fell in battle. These men of Napoleon's armies were the youth without blemish, "the best that the nation could bring," chosen as "food for powder," "ere evening to be trampled like the grass," in the rush of Napoleon's great battles. These men came from the plow, from the work-shop, from the school, the best there were—those from eighteen to thirty-five years of age at first, but afterwards the older and the younger. "A boy will stop a bullet as well as a man "; this maxim is accredited to Napoleon. "The more vigorous and well born a young man is," says Novicow, "the more normally constituted, the greater his chance to be slain by musket or magazine, the rifled cannon and other similar engines of civilization." Among those destroyed by Napoleon were "the elite of Europe." "Napoleon," said Otto Seeck, "in a series of years seized all the young of high stature and left them scattered over many battle fields, so that the French people who followed them are mostly men of smaller stature. More than once in France since Napoleon's time has the military limit been lowered."
Says Le Goyt, "It will take long periods of peace and plenty before France can recover the tall statures mowed down in the wars of the republic and the first empire."
I need not tell again the story of Napoleon's campaigns. It began with the justice and helpfulness of the Code Napoleon, the prowess of the brave lieutenant whose military skill and intrepidity had caused him to deserve well of his nation.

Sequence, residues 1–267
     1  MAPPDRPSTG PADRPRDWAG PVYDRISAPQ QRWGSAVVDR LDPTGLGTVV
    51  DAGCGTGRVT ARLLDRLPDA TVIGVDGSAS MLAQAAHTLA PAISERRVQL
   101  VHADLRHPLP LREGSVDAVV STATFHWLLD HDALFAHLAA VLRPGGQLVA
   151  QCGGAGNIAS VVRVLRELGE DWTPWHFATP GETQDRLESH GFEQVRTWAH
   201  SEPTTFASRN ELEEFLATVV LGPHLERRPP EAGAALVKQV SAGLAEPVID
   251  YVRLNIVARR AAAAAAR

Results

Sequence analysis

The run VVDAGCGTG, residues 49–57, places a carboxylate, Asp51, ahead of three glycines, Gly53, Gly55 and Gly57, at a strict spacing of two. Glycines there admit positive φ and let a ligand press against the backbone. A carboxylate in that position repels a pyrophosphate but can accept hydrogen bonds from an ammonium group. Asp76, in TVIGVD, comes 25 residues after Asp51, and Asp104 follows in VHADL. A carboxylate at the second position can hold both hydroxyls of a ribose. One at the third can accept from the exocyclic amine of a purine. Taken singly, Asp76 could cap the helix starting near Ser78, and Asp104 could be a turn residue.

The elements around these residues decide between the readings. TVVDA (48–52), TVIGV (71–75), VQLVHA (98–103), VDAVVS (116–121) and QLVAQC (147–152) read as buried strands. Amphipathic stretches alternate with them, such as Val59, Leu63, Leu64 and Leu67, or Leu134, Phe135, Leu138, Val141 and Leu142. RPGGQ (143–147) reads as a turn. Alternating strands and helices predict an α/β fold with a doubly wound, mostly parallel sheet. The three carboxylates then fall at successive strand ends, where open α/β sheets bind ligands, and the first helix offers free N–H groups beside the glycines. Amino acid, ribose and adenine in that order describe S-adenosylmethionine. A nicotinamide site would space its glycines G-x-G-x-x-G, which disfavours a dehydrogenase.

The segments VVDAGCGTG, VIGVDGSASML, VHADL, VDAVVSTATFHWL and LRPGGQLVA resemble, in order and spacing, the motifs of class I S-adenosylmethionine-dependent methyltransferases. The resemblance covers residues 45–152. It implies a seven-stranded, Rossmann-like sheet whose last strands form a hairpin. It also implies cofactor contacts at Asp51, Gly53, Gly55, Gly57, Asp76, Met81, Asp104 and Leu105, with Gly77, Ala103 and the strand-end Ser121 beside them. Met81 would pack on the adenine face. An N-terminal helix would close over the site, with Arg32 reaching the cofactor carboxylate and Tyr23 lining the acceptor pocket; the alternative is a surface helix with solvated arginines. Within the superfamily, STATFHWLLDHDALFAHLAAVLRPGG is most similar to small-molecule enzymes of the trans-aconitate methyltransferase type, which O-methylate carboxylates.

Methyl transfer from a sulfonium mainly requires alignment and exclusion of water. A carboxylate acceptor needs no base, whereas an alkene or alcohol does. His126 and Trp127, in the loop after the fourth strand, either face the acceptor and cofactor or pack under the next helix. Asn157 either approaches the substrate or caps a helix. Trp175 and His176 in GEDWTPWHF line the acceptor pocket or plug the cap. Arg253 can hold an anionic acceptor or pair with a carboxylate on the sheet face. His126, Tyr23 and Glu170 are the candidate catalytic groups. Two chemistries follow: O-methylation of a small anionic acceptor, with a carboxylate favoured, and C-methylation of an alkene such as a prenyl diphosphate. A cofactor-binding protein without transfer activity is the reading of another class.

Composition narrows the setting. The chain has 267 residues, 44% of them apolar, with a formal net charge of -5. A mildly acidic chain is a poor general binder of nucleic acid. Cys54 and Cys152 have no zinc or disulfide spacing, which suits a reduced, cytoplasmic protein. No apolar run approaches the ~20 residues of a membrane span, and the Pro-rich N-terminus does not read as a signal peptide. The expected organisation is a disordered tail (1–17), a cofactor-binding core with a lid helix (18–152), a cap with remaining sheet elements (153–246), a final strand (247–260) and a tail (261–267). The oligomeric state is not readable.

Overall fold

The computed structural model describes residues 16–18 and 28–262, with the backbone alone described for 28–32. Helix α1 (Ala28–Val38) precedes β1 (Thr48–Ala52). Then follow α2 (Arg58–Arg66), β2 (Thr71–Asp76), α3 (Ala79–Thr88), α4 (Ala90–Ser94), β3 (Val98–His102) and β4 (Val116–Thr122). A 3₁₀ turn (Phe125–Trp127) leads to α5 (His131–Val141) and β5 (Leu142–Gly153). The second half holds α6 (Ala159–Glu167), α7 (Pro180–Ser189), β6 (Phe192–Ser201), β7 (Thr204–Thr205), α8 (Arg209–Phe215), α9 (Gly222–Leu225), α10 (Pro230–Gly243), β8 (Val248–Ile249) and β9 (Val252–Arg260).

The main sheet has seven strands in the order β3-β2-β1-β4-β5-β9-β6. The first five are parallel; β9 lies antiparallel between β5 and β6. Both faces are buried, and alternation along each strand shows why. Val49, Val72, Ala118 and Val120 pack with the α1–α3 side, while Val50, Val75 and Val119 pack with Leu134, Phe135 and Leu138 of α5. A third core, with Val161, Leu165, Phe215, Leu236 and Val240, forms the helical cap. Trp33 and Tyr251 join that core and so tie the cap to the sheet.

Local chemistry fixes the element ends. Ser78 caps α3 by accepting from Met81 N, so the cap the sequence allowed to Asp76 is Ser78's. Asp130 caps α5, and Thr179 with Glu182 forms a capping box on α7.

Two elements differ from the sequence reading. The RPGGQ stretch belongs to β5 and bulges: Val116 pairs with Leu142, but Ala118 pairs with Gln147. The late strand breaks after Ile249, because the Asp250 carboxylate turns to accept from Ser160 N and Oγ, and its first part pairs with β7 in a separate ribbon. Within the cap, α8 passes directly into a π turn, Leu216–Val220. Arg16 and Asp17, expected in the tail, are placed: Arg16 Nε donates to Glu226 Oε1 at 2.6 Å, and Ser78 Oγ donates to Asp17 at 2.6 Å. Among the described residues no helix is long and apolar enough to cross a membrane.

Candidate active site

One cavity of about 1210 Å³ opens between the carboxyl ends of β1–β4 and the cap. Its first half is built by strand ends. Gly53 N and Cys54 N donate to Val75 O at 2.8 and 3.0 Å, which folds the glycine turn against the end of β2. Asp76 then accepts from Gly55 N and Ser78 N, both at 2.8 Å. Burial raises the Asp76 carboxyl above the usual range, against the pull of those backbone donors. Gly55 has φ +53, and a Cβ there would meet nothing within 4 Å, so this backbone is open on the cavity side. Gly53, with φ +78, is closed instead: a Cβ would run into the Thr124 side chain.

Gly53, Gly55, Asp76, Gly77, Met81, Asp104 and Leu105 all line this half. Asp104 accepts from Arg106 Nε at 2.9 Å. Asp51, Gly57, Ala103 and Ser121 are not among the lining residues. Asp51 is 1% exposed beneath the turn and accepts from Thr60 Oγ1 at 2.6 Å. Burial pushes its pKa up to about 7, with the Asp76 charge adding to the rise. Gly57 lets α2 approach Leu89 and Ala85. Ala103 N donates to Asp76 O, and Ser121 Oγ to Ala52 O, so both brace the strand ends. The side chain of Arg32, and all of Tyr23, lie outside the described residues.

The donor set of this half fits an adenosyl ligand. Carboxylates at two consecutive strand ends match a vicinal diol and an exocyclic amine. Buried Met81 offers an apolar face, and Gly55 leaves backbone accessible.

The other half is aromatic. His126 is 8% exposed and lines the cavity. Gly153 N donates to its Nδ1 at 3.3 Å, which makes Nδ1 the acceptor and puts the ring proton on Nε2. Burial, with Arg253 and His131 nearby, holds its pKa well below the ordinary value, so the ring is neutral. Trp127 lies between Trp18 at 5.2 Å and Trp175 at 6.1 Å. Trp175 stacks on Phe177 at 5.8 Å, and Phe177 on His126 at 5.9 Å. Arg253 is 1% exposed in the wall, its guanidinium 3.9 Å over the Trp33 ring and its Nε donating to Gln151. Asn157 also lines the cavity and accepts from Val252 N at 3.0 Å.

The spirit of freedom gave way to the spirit of domination. The path of glory is one which descends easily. Campaign followed campaign, against enemies, against neutrals, against friends. The trail of glory crossed the Alps to Italy and to Egypt, crossed Switzerland to Austria, crossed Germany to Russia. Conscription followed victory and victory and conscription debased the human species. "The human harvest was bad." The first consul became the emperor. The servant of the people became the founder of the dynasty. Again conscription after conscription. "Let them die with arms in their hands. Their death is glorious, and it will be avenged. You can always fill the places of soldiers." These were Napoleon's words when Dupont surrendered his army in Spain to save the lives of a doomed battalion.
More conscription. After the battle of Wagram, we are told, the French began to feel their weakness, the Grand Army was not the army which fought at Ulm and Jena. "Raw conscripts raised before their time and hurriedly drafted into the line had impaired its steadiness."
On to Moscow, "amidst ever-deepening misery they struggled on, until of the 600,000 men who had proudly crossed the Niemen for the conquest of Russia, only 20,000 famished, frost-bitten, unarmed spectres staggered across the bridge of Korni in the middle of December."
"Despite the loss of the most splendid army marshalled by man,
- These quotations are from the "History of Napoleon," I., by J. H. Rose.